by Conor Friedersdorf

I'm confused by news of her impending retirement.

After her controversial exchange with a caller, she issued what seemed to be a forthright apology:

I talk every day about doing the right thing.  And yesterday, I did the wrong thing. 

I didn’t intend to hurt people, but I did.  And that makes it the wrong thing to have done.

I was attempting to make a philosophical point, and I articulated the “n” word all the way out - more than one time.  And that was wrong.  I’ll say it again - that was wrong.

I ended up, I’m sure, with many of you losing the point I was trying to make, because you were shocked by the fact that I said the word.  I, myself, realized I had made a horrible mistake, and was so upset I could not finish the show.  I pulled myself off the air at the end of the hour.  I had to finish the hour, because 20 minutes of dead air doesn’t work.  I am very sorry.  And it just won’t happen again.

I happen to think that there are deep, longstanding problems with Dr. Laura's radio show that have nothing to do with racial epithets, and that even in the controversial call itself, the most objectionable element was the lack of attention, courtesy and respect shown to the caller. I've found that tick of hers galling since I was 14 years old.

Still, I have to credit the talk radio host for actually apologizing without the usual weasel words. 

And I must concur with much of her followup remarks about what she's learned from the incident:

Now, what makes me sad…what pains my heart deeply…is that, beyond the reasoned letters which I continue to get, I have heard comments from some broadcasters and letters from some people that cannot be described as anything other than hate-filled diatribes.  Hate-filled.  This does not make me angry, but it hurts my heart.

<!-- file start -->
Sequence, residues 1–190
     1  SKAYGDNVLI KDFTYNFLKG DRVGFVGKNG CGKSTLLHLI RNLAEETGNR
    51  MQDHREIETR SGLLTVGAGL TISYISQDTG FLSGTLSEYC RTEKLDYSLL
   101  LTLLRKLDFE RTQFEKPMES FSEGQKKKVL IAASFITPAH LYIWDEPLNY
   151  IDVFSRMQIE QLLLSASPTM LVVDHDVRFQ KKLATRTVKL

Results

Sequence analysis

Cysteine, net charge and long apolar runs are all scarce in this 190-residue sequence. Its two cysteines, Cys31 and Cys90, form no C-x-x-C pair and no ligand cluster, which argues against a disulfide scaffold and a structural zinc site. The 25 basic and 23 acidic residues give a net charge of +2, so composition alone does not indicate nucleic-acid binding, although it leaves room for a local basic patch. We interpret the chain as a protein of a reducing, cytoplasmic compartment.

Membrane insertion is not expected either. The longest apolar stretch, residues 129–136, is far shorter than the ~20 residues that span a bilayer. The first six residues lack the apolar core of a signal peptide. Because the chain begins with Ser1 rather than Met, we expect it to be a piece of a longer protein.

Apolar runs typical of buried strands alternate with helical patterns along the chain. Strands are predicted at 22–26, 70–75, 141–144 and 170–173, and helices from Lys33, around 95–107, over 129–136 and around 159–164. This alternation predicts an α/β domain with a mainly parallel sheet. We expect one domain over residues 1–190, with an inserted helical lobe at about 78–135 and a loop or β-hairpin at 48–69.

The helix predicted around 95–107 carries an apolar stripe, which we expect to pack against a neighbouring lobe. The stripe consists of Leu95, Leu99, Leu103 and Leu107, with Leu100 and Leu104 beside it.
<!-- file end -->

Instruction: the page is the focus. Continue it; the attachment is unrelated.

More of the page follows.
My hope with my apology, which was true and immediate and uncoerced, was that the silver lining might be that a dialogue be started to stop hate and bigotry.  I still hold out some hope… but I am a realist and I fear that there are those who frankly want to encourage hate and anger.
 
Now, when I first started out in radio, people would disagree…they DISAGREED…they didn’t HATE.  They didn’t try to censor, they didn’t try to destroy an opposing point of view.  Instead…they just argued and debated, and argued and disagreed, and debated and argued.  But our society has changed dramatically.  Self-appointed activist types breed hate, breed anger, breed destruction should anyone hold up a mirror or dare to disagree.  This environment, as you know, is not only in radio and television…it is in politics; it’s in every area of our society…in your neighborhoods, in your school districts, at work…

All true, and no less so because Dr. Laura herself has been an occasional participant in that culture of ugliness, as her gay listeners in particular know all too well. (She has since apologized for some of her more extreme remarks.)

It seems to me that there is a disconnect between Dr. Laura's remarks above, and the content of her appearance on Larry King.

"I want my 1st Amendment rights back, which I can't have on radio without the threat of attack on my advertisers and stations," Schlessinger said.

She emphasized that she is not retiring. "I will be stronger and freer to say my mind through my books, my YouTube Channel, my blog and my website," she said.

If she regrets the remarks for which she is being criticized, and regards them as a mistake, why does she require more freedom to speak her mind? (And what does the first amendment have to do with it?) Frankly, I'd rather that Dr. Laura retired than continue to treat her callers with such frequent disrespect, but even better would be a chastened host who maintained her various strengths while improving on her more galling weaknesses.

Here's hoping that her hate mail stops, that her post-talk radio career is an improved one, and that the number of people she helps -- even her critics can acknowledge there have been many over the years -- only increases.

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